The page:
Funding providers are also expected to re-evaluate institutional partnerships, placing increasing emphasis on the student experience and health and safety protocols, as opposed to an overreliance on rankings. For example, ICETEX observed that student satisfaction is now about getting guidance and personalised support, explaining that as an organisation, they have never had to monitor their funded students as closely as they’ve had to in 2020. Our South African government panellist concurred, citing a strong need for mental health services and psychological counselling, which they had to provide remotely for their students since they found that student support varied greatly from one institution to the next.
Increased interest in transnational education (TNE)
With mobility restrictions in place, institutions are turning even more attention towards TNE options such as credit transfers, dual-degree programmes, and virtual exchanges.
In a direct response to this demand, BMI is excited to announce the launch of a new virtual Partnership Workshop Series for Spring 2021. Designed to increase your connections and strengthen your relationships with university partners, agents and school counsellors in Southeast Asia, the Middle East, Brazil and Latin America, BMI provides you with a concise format to meet three different types of partners in one event, with each workshop focused on a different geographic region.
To support and strengthen internationalisation partnerships and academic training opportunities, ICEXTEX was also pleased to announce their new hemispheric-wide initiative with the U.S. Department of State. The 100,000 Strong in the Americas Innovation Fund competition will provide up to ten grants of US$26,175 each to support bilateral higher education partnerships that will create and implement innovative academic exchange opportunities for students in both countries starting in Fall 2021. Thematic areas in this new funding competition include convergent technologies, oceanography, creative and cultural industries, sustainable energy, social sciences, health sciences, space science, biotechnology, distance education, economic empowerment, sustainable agriculture, water/sanitation/hygiene (WASH) and STEM.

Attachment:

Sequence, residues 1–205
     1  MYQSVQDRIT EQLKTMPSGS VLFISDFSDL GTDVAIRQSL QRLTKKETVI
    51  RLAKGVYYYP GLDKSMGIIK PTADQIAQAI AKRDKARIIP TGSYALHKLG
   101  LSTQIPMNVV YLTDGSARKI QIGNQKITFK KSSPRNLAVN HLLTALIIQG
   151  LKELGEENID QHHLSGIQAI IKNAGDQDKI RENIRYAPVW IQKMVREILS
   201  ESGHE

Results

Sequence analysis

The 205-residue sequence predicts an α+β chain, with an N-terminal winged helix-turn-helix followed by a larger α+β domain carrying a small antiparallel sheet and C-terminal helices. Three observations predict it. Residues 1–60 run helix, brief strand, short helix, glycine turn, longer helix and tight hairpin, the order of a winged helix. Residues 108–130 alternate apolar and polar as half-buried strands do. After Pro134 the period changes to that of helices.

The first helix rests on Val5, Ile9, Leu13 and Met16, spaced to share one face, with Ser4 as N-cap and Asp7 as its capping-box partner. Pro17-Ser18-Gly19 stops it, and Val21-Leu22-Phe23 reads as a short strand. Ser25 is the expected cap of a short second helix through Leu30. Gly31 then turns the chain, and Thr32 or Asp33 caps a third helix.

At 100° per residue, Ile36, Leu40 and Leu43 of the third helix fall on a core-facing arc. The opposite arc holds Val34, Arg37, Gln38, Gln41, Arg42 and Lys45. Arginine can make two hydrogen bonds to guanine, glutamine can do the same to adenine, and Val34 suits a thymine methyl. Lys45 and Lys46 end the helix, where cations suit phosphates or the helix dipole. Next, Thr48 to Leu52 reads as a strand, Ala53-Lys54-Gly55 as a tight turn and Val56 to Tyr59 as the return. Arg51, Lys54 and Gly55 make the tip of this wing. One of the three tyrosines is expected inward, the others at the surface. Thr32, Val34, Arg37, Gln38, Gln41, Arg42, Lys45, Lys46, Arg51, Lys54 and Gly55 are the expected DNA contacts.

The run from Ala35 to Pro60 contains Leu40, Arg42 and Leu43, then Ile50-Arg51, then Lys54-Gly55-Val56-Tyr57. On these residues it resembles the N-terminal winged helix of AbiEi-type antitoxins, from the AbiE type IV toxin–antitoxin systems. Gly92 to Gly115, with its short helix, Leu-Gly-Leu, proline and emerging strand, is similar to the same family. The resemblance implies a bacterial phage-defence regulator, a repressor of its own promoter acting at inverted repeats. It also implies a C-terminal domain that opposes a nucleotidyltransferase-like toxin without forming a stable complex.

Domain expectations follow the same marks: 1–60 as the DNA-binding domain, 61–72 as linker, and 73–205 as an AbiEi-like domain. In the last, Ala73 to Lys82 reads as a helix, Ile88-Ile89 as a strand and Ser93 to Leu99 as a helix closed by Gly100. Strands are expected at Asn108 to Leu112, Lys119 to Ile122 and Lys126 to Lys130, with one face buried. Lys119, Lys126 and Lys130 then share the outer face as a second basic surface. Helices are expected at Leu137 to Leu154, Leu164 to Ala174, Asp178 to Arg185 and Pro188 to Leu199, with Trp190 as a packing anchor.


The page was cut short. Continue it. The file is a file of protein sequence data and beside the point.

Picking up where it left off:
In more good funding news, our Kenyan speaker reported that there’s been a marked uptick in philanthropic support from within the country to help its students go abroad.
Meanwhile, we heard that commitment to achieve the Saudi Vision 2030 remains high and as such, the government raised the monthly stipend that scholars receive and announced that they’ve refined the number of institutional partners down to just 70 based more on rankings and the quality of student outcomes.
The global pandemic has inspired donations to help international students as well, with organisations and universities alike reaching out to alumni for contributions towards hardship funds to help make ends meet during the crisis.
Meanwhile, other regions of the world are experiencing a reduction in scholarship funds, such as in Mexico where funding has been cut and as a result, organisations are keen to find new ways of providing financial support for students, exploring new financial models, and establishing additional new partnerships.
In Colombia, the currency devaluation has created more challenges for families and funding providers. Despite this hurdle, Colfuturo was able to maintain the number of scholarships provided to students for the 2020/21 academic year (1300 each year). They anticipate increased demand for destinations offering a lower price point on tuition and living expenses (e.g. Europe as opposed to the USA).